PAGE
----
Monday, September 5, 2016

Matthew 18:23-35 Debts and Forgiveness

Regarding Matthew 18:23-35, I have heard many monetary conversion rates to help us appreciate the debt the unforgiving slave had in comparison to his peer. But probably the absolute best reasoning point I’ve ever heard that not only drives home the point in a timeless way, but is easy to grasp is the following.

Quoting from the Insight on Scriptures, vol.1, starting on page 1179, published by the Watchtower Bible and Tract Society, under the heading “Illustrations,” we read: “A denarius equaled a day’s wages; so 100 denarii, the smaller debt, equaled approximately one third of a year’s wages. Ten thousand silver talents, the larger debt, equaled 60 million denarii, or wages that would require thousands of lifetimes to accumulate.”

To expand on the above, according to Matthew 20:10, a denarius (singular for denarii) was equal to a single day’s wage in the times when Jesus walked the earth. A drachma is also equal to one day’s wage. (We need this information to continue with equation.) A single mina is worth 100 drachmas. And a single talent is worth 60 minas. We need to break that back down now to determine the difference between a denarius and a talent. 100 (drachmas) times 60 minas is 6,000 denarii. But the unforgiving slave did not owe his ruler merely 1 talent. He owed 10,000. That is 60 million denarii. If a denarius is one day’s wages, then the slave owed 60 million days. If an average working life is about 60 years, that equates to 21,900 days. So that slave would have to live and die 2,739 lifetimes before being able to pay his debt and that doesn’t even count the debt he would incur during each subsequent life.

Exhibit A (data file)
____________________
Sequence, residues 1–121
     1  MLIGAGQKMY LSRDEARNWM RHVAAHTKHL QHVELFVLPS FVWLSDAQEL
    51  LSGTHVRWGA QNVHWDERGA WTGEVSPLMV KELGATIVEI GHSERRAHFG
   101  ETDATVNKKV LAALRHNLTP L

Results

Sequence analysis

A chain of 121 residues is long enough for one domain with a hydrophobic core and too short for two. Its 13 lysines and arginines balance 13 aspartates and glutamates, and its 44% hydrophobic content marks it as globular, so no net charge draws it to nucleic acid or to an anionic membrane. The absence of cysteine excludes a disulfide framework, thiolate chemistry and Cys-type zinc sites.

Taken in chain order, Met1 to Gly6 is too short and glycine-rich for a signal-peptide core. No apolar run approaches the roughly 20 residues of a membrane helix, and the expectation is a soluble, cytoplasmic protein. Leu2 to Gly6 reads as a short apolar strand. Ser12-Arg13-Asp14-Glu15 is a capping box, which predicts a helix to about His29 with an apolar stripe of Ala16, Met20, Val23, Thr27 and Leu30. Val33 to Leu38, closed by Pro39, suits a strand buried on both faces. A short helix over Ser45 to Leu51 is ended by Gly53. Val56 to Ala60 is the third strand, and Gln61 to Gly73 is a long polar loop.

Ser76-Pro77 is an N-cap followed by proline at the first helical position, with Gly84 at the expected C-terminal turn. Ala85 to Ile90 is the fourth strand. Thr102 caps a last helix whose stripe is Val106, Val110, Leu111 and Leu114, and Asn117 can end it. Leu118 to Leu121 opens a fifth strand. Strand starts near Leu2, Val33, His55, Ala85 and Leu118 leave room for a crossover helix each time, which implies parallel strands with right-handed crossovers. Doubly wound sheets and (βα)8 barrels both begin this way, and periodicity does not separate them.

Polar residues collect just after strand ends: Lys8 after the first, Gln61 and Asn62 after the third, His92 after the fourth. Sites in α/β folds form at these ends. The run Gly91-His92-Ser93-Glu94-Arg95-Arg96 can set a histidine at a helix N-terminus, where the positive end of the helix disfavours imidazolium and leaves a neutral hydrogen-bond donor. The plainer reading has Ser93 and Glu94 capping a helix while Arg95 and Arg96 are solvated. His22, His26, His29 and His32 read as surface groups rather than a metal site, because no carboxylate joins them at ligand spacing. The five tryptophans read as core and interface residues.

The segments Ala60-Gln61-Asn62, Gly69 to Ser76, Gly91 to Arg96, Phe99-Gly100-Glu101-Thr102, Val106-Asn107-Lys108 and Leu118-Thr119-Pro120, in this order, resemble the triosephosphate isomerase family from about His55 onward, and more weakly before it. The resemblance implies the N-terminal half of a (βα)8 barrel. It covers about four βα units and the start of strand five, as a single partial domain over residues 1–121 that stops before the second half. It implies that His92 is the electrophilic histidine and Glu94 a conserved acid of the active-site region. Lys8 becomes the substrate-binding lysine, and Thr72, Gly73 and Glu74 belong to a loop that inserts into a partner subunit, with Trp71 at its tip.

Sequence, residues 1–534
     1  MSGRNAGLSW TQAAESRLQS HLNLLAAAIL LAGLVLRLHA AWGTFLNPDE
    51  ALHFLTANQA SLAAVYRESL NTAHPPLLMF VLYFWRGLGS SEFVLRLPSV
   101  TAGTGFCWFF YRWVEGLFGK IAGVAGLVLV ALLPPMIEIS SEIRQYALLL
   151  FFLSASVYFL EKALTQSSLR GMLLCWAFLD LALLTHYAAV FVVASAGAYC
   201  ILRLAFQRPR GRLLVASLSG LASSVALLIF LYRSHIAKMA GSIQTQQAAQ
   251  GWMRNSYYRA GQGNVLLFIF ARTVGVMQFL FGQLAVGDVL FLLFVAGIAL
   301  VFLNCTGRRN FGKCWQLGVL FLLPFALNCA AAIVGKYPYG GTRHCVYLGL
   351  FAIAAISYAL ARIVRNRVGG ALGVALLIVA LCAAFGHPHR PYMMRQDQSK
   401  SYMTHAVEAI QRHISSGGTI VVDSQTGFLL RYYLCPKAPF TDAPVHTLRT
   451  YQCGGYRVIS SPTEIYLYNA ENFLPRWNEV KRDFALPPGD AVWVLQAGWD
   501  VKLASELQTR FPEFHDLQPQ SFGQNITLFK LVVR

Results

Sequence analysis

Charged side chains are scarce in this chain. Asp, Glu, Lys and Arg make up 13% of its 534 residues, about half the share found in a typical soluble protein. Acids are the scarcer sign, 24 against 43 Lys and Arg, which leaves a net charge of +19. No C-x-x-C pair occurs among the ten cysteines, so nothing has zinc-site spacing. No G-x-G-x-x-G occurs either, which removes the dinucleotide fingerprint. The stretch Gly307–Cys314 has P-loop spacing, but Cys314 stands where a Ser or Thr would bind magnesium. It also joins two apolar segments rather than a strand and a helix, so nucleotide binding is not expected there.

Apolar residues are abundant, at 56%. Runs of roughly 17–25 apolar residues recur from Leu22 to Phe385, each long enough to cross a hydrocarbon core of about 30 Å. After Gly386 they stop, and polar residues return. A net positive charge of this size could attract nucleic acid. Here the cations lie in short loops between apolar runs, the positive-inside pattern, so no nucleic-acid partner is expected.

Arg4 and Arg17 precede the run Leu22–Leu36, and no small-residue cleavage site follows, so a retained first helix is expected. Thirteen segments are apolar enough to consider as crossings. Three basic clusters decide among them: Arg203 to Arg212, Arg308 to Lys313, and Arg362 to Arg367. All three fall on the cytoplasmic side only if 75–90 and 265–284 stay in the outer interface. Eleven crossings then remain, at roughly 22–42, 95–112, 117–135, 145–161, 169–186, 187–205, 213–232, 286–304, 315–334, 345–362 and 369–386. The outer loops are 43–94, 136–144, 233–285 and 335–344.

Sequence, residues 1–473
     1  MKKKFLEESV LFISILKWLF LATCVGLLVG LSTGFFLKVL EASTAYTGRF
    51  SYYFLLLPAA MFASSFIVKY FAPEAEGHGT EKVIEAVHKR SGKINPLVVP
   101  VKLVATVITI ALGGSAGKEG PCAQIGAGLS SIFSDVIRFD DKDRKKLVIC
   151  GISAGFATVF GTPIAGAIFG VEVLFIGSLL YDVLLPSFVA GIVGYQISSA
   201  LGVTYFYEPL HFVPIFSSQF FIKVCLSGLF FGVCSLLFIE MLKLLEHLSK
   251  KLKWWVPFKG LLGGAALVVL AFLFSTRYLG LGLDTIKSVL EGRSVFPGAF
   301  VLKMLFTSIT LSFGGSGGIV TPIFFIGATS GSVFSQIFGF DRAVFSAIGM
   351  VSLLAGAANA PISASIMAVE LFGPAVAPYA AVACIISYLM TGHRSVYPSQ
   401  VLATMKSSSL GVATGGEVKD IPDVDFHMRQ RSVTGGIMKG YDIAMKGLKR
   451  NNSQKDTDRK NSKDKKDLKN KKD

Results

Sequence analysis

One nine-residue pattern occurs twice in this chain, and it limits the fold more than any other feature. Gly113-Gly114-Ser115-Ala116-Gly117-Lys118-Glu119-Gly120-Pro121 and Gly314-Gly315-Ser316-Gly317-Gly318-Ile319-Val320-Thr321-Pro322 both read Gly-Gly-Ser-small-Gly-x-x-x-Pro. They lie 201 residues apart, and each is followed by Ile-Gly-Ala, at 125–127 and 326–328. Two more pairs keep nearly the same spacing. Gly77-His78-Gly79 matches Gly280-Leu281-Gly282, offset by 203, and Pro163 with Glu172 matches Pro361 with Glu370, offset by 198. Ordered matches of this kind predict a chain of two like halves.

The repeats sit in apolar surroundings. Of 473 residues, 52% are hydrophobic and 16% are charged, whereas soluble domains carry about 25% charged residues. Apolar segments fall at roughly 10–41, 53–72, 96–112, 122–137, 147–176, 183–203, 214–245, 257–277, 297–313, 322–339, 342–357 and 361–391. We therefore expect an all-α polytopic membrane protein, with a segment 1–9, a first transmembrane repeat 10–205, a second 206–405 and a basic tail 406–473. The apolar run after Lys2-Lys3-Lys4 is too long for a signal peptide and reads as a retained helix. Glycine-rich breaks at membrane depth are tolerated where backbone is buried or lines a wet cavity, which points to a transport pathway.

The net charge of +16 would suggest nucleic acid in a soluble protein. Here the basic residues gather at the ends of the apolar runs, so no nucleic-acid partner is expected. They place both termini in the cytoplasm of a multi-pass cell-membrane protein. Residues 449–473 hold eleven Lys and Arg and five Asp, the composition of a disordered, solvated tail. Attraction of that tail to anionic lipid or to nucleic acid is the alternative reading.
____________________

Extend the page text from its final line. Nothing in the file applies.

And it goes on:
But how in world could any man amass such debt? Again, this was an illustration that Jesus made. In the book of Psalms we discover a point that makes Jesus illustration very plain. In Psalm 49:7-9 we discover that we are incapable of redeeming our sinful lives. If it weren’t for God’s willingness to forgive us through the value of Christ’s ransom sacrifice, we would indeed be as hopeless as the unforgiving slave. Yes, God forgave us all what he considers to be a huge debt. Since that is so, would any of dare to anger God by not being forgiving to our fellow man, even if what they owed us was a mere single lifetime!?


  1. We do tend to think of ourselves as pretty good people, and I suppose, that if we are talking in relative terms, say, person to person, or compared to what the average person is like, this is fine. But the case of Isaiah before God with the angels singing, "Holy, holy, holy is Jehovah of armies, the earth is filled with his glory," is quite enlightening. Isaiah, while a righteous man, became quickly aware of his pitiable state before our perfectly holy God, and said, "Woe is me, for I, a sinful man, have seen the great King himself, Jehovah of armies."

    If that is how we felt all of the time, that before the one to whom we will have to make an accounting we have nothing of our own on which we can rely upon, we will be quite ashamed and terrified. Yet we have God's love, who desires to draw near us sinful and impure beings, and who has bought us with the price of his Son. That should move us to display the same generous and reconciliatory spirit that he shows. Knowing that compared to us, they are not as pitiable as we are all to Jehovah who alone is holy.

  2. @Sean Killackey: Good points my dear brother. Again, it is always admirable to find a young man that takes his spirituality seriously. To me, it seems the point you make (in your comment above) and the one I made in my article, are slightly different. I was trying to drive home, not how unrighteous we are in comparison to God's holiness (as if there could even be a comparison), but how indebted to our God we are. The absurdity of having to live over 2,000 lifetimes just to pay the debt of our sinfulness and imperfections in this lifetime is humbling.